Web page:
- The Washington Times
Monday, June 22, 2020

Allies and adversaries alike are challenging some of the revelations in — and dealing with the fallout from — John R. Bolton’s controversial new memoir.

Israel, Japan and South Korea are speaking out about revelations in the book, while China and Russia have issued notably muted reactions to some of the explosive charges made by President Trump’s former national security adviser.

Washington was already buzzing about Mr. Bolton’s account of his contentious dealings with President Trump, but a tell-all memoir by the top White House security aide barely nine months after he left office was also certain to touch some live wires overseas as well.

A top South Korean national security adviser, on Monday called Mr. Bolton’s account of conversations in his “The Room Where it Happened” between Mr. Trump and the leaders of both North and South Korea “seriously distorted,” and could damage the push to ease tensions on the bitterly divided peninsula.

Mr. Bolton wrote that South Korean President Moon Jae-in placed all his energy on his “unification agenda,” resulting in a North Korea policy Mr. Bolton described as “schizophrenic.” Mr. Bolton, a longtime hawk on North Korea, also claimed that Mr. Moon insisted on accompanying Mr. Trump to his historic meeting with North Korean leader Kim Jong-un, despite requests by the U.S. and the North for only its leaders to participate.

“[The book] does not reflect accurate facts,” Chung Eui-yong, head of Seoul’s National Security Office, said in a statement Monday. “The truth is seriously distorted in large parts.”

While not citing specifics, Mr. Chung urged the U.S. government to “take appropriate measures to prevent such a dangerous precedent.”

“Such inappropriate actions could seriously damage the efforts to strengthen the two countries’ security interests,” he continued. “Unilaterally publishing consultations made based on mutual trust violates the basic principles of diplomacy and could severely damage future negotiations.”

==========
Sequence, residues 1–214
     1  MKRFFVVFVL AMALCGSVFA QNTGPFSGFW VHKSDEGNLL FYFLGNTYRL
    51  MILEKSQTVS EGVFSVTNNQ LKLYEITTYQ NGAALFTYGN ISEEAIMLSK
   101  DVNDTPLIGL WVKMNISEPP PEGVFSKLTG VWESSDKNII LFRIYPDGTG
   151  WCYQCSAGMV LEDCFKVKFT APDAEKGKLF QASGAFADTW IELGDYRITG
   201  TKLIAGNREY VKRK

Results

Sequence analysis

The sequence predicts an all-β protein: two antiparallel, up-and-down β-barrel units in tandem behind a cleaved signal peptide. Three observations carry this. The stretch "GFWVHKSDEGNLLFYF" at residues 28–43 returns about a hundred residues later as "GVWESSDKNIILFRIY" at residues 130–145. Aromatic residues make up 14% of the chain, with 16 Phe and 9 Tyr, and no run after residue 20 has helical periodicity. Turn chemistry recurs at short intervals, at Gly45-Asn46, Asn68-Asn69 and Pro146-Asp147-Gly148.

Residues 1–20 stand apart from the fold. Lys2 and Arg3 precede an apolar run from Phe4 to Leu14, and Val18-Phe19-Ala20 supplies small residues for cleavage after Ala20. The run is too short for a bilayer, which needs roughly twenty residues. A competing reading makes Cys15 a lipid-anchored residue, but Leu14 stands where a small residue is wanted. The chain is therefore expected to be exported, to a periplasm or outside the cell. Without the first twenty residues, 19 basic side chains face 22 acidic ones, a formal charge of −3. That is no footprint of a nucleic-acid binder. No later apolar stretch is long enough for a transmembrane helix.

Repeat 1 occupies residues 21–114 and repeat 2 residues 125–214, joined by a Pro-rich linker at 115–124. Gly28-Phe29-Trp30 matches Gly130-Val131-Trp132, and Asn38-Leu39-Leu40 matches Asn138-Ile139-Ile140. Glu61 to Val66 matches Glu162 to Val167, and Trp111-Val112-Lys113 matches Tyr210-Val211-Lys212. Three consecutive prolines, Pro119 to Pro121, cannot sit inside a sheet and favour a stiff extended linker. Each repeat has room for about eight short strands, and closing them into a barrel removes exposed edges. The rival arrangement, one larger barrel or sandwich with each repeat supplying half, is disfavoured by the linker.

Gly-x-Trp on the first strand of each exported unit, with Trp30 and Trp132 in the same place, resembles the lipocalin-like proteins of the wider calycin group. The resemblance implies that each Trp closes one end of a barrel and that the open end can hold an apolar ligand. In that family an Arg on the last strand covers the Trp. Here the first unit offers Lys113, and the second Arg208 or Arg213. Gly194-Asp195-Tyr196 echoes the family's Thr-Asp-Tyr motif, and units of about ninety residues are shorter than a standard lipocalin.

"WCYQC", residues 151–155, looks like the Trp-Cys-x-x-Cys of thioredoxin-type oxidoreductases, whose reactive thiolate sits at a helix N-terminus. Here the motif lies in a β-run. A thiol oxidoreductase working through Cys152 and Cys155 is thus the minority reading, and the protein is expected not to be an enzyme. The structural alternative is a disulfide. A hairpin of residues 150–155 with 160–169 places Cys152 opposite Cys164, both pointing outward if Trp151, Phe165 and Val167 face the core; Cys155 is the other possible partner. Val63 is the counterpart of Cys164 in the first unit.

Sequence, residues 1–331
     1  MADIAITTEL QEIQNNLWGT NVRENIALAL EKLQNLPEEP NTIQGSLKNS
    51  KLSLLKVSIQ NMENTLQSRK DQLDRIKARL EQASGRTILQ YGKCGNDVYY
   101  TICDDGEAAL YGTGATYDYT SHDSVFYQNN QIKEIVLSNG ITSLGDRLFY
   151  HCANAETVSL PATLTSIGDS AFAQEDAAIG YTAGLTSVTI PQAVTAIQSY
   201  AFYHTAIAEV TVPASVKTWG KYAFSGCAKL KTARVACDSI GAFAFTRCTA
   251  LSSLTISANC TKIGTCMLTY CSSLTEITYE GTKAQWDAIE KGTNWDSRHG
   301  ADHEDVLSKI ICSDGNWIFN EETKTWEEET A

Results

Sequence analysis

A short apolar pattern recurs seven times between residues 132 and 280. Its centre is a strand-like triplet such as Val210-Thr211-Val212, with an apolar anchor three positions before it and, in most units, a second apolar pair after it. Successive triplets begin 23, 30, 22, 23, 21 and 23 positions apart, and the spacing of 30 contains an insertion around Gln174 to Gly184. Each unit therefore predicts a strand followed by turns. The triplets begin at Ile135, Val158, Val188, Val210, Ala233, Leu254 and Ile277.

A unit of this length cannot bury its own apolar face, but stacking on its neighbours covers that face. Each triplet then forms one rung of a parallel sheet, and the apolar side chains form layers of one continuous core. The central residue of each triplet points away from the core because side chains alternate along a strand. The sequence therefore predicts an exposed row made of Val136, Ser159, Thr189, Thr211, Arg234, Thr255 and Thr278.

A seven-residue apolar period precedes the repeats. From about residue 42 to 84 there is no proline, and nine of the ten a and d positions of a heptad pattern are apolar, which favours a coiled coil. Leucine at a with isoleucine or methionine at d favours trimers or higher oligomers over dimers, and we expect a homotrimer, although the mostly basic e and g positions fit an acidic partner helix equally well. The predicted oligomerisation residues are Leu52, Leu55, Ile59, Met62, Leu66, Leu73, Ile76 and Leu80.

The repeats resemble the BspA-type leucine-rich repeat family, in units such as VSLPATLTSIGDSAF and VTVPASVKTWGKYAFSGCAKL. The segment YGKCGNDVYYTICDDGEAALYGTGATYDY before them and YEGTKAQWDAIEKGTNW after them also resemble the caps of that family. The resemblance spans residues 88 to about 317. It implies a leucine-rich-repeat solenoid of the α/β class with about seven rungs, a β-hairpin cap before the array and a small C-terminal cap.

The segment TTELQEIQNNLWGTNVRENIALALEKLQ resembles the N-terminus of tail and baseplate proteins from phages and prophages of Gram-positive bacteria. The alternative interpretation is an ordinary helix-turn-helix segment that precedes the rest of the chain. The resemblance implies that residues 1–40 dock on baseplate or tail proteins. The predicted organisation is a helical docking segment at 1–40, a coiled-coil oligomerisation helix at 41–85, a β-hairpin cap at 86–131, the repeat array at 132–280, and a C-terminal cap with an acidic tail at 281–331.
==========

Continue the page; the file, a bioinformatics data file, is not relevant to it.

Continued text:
In Japan, Chief Cabinet Secretary Yoshihide Suga was forced to deny another charge in Mr. Bolton’s book — that the Trump administration last year had pushed Tokyo to bear a higher cost-sharing burden than previously reported, according to the Japan Times.

Mr. Bolton said the demand from Mr. Trump was part of a negotiating tactic the president had deemed “cost plus 50%” from allies that hosted U.S. troops — but that no one on either side knew exactly how much more Japanese defense spending would satisfy the president.

The high opening demand “puts you in a very strong bargaining position,” the author quotes Mr. Trump as saying.

Mr. Bolton’s chapter on Israeli-Palestinian negotiations portrayed Israeli Prime Minister Benjamin Netanyahu as dismissive of the ability of White House aide and presidential son-in-law Jared Kushner to forge a real peace deal. Mr. Netanyahu, Mr. Bolton wrote, “was enough of a politician not to oppose the idea publicly, but like much of the world, he wondered why Kushner thought he would succeed where the likes of Kissinger had failed.”

Mr. Netanyahu publicly praised Mr. Kushner, telling reporters Monday that — despite the book — he has “complete faith in Jared Kushner’s abilities and resolve and rejects any description to the contrary.” One of the most significant claims in Mr. Bolton’s book, that Mr. Trump prodded Chinese President Xi Jinping to help boost his reelection campaign through increased purchases of U.S. farm goods, and that Mr. Trump gave Mr. Xi a pass on human rights violations such as the interning of up to 1 million Muslim Uighurs in China’s northwest.

Chinese Foreign Ministry Spokesperson Zhao Lijian told reporters last week that Beijing does not intend to interfere in U.S. domestic affairs, and that it will not get involved, according to state-run media outlet Global Times.

The publication wrote that Mr. Bolton “is using his book to smear China for getting involved in the U.S. election and vent on Trump. He also wants to further muddy the waters of US domestic politics,” citing experts on the matter.

Kremlin spokesman Dmitry Peskov told reporters on Monday of the book’s passages on Russia and Mr. Trump’s relationship with President Vladimir Putin that “one can agree with some of them, and one can disagree with some of them, that’s why you need to look at individual messages here.”

Mr. Bolton wrote that Mr. Trump only reluctantly applied sanctions on Russia, and in post-publication interviews has said he believes Mr. Putin thinks he can play [Trump] like a fiddle.”

Mr. Peskov declined to take the bait, saying “the characterization which Bolton gave his commander-in-chief, whom he had served under as an assistant for a year, is none of our business.”

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